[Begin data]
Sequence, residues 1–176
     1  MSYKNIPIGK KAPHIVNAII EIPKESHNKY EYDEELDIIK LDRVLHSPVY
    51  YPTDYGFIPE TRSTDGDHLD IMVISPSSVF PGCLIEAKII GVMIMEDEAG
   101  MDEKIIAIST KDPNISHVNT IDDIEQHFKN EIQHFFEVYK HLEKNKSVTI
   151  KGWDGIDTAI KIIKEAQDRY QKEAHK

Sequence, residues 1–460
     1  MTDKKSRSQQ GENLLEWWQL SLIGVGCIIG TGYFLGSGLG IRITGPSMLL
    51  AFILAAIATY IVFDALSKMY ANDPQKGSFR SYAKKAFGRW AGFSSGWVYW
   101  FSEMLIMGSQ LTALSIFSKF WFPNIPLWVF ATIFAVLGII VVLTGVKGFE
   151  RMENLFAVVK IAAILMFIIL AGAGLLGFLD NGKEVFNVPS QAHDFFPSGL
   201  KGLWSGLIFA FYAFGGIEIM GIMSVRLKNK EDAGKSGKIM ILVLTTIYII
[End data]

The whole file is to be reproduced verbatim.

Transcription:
Sequence, residues 1–176
     1  MSYKNIPIGK KAPHIVNAII EIPKESHNKY EYDEELDIIK LDRVLHSPVY
    51  YPTDYGFIPE TRSTDGDHLD IMVISPSSVF PGCLIEAKII GVMIMEDEAG
   101  MDEKIIAIST KDPNISHVNT IDDIEQHFKN EIQHFFEVYK HLEKNKSVTI
   151  KGWDGIDTAI KIIKEAQDRY QKEAHK

Sequence, residues 1–460
     1  MTDKKSRSQQ GENLLEWWQL SLIGVGCIIG TGYFLGSGLG IRITGPSMLL
    51  AFILAAIATY IVFDALSKMY ANDPQKGSFR SYAKKAFGRW AGFSSGWVYW
   101  FSEMLIMGSQ LTALSIFSKF WFPNIPLWVF ATIFAVLGII VVLTGVKGFE
   151  RMENLFAVVK IAAILMFIIL AGAGLLGFLD NGKEVFNVPS QAHDFFPSGL
   201  KGLWSGLIFA FYAFGGIEIM GIMSVRLKNK EDAGKSGKIM ILVLTTIYII